When it comes to innovation, two minds are better than one. So what about thousands of minds; what doors could they open?
Thanks to social media, businesses today can connect to millions of people worldwide. They can crowdsource ideas, opinions and perspectives from anyone, anywhere. This can help drive faster, cheaper product development; reduce research and personnel costs; and solve problems that may be hard to crack internally. And as many businesses are proving, that can generate some great results.
Give consumers a voice
Tesco, one of the world’s largest retailers, has been championing crowdsourcing for some time and earlier this year, its online community helped invent the world’s first socially-created wine. They shortlisted the product and even proposed its branding. Deola Laniyan, account director at Tesco’s social and PR agency, said: “Consumers now have an expectation that their voices will be heard, they want to be more involved in the process and this campaign answers that beautifully.”
Tesco isn’t the only consumer brand surfing the crowdsourcing wave. Vitamin Water gave its consumers the chance to pick its next flavor and Doritos asked its community to invent a new variety. Netflix offered $1 million to developers to improve its recommendation engine. And so the list continues.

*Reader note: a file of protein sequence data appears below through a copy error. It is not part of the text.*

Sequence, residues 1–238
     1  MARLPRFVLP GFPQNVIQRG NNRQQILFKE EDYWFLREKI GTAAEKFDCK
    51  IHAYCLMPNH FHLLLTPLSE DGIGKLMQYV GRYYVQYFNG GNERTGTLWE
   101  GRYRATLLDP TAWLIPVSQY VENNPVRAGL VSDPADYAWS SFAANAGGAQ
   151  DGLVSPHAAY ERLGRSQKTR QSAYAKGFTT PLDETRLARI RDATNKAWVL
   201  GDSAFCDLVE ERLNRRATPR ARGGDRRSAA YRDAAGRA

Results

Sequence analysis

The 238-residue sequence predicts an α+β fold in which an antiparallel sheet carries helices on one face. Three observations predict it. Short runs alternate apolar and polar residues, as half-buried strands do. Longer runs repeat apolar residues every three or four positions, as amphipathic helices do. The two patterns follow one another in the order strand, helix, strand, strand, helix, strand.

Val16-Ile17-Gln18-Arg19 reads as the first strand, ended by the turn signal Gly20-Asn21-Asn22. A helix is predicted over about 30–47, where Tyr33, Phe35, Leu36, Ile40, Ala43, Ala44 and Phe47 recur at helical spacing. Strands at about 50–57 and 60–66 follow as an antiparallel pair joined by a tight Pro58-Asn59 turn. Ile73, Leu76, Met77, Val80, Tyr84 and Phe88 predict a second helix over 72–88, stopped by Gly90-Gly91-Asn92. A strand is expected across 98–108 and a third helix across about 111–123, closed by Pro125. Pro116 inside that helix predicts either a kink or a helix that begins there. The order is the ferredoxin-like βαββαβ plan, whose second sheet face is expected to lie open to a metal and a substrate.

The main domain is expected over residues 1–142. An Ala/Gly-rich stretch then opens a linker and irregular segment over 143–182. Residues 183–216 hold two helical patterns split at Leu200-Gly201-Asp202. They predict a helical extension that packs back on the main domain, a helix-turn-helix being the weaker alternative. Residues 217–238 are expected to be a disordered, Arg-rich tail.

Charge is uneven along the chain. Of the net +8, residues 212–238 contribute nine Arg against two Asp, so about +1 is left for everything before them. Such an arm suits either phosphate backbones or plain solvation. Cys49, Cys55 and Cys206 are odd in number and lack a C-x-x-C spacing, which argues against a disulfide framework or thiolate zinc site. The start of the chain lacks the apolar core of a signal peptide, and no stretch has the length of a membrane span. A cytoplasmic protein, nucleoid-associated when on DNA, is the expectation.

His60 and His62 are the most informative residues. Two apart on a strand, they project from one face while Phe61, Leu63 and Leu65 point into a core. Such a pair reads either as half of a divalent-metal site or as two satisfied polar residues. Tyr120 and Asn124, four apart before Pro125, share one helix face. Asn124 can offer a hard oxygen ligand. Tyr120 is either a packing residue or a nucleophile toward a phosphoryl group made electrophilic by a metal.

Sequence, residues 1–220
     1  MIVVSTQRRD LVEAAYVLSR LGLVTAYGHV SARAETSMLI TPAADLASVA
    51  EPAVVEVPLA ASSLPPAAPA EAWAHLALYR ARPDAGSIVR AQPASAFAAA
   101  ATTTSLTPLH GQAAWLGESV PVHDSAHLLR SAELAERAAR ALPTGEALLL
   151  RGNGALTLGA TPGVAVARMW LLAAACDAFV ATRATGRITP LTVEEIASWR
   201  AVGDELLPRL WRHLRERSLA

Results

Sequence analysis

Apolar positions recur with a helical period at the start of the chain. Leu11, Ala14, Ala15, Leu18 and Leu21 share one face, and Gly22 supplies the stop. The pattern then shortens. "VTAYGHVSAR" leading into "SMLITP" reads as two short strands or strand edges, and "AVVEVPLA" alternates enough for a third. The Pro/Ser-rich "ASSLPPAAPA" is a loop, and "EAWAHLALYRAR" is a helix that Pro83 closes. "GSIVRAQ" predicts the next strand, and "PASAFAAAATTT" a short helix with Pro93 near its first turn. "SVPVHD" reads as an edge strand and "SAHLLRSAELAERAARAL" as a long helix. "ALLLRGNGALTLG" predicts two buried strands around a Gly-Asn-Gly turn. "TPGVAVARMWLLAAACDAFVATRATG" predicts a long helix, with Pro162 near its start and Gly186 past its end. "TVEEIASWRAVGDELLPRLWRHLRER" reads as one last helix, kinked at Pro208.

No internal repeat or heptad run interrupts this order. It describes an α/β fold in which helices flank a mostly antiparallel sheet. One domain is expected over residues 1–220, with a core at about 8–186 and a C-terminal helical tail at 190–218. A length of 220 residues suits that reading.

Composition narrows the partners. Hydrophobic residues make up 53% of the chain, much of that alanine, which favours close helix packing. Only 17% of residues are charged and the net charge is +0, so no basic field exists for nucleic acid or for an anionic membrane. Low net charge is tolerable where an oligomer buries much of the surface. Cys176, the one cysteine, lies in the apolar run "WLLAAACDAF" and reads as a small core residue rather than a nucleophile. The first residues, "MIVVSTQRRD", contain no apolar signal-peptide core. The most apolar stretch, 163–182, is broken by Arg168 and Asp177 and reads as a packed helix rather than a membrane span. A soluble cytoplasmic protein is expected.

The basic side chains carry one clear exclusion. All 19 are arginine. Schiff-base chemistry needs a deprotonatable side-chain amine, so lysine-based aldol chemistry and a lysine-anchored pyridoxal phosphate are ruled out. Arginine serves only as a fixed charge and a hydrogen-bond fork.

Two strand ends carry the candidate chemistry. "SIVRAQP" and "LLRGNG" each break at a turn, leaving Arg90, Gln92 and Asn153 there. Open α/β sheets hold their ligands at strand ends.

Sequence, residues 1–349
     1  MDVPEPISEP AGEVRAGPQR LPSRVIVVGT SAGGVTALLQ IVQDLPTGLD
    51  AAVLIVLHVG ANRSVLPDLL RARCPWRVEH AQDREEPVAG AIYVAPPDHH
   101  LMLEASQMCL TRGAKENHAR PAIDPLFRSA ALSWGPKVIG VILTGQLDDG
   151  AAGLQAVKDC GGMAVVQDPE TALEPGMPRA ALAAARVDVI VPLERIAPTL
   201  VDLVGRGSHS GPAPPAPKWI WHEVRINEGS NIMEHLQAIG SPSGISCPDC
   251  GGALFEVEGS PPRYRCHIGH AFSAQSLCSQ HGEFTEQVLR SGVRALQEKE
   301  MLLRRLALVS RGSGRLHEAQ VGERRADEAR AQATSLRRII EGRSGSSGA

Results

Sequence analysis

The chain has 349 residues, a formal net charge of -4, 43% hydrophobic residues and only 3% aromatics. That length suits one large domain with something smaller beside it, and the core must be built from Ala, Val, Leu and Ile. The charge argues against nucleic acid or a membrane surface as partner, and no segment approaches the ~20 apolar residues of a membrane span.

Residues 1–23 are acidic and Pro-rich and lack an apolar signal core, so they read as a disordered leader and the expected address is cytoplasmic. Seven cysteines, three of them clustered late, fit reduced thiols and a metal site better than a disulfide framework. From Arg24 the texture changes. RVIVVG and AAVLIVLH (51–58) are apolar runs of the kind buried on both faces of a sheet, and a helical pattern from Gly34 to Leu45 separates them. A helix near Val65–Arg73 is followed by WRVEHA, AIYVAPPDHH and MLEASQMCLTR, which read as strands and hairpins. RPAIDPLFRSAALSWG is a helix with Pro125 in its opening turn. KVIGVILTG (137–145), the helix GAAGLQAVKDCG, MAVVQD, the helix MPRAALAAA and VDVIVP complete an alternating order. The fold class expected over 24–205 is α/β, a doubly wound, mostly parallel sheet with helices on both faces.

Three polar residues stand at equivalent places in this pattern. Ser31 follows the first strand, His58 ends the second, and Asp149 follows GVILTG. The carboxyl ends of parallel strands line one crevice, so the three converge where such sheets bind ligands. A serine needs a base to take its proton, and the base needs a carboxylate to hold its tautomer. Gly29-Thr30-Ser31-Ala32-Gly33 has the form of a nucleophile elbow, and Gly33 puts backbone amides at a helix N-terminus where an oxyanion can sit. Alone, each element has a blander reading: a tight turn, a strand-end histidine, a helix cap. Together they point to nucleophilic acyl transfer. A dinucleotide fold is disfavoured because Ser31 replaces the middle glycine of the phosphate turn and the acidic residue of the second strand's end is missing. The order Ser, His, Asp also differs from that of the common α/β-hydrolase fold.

More than a bit of fun?
It’s easy to see how these projects can grab attention and get people on board, but does successful crowdsourcing always have to rely on exciting incentives? Or are people as willing to part with their intellectual property just for the sake of “the greater good”?
Increasingly, people are coming together to solve problems for purely altruistic motives. One example is Peer to Patent; a joint project between the New York Law School and the US Patent and Trademark Office (USPTO). It uses crowdsourcing to help the USPTO find information relevant to assessing the claims of pending patent applications. There are no cash prizes, no creative ideas and no fun videos to submit. Yet still, people care enough to supply information and research based on their expertise.
The seeds of innovation
No matter what the task in hand – contributing to product development or sharing technical expertise – crowdsourcing demonstrates the huge potential of harnessing collective brainpower. And when it comes to innovation, it shows that several great minds are definitely better than one.
To find out more about the role of social media in innovation, head over to the World of Innovation website – it’s our hot topic of the week.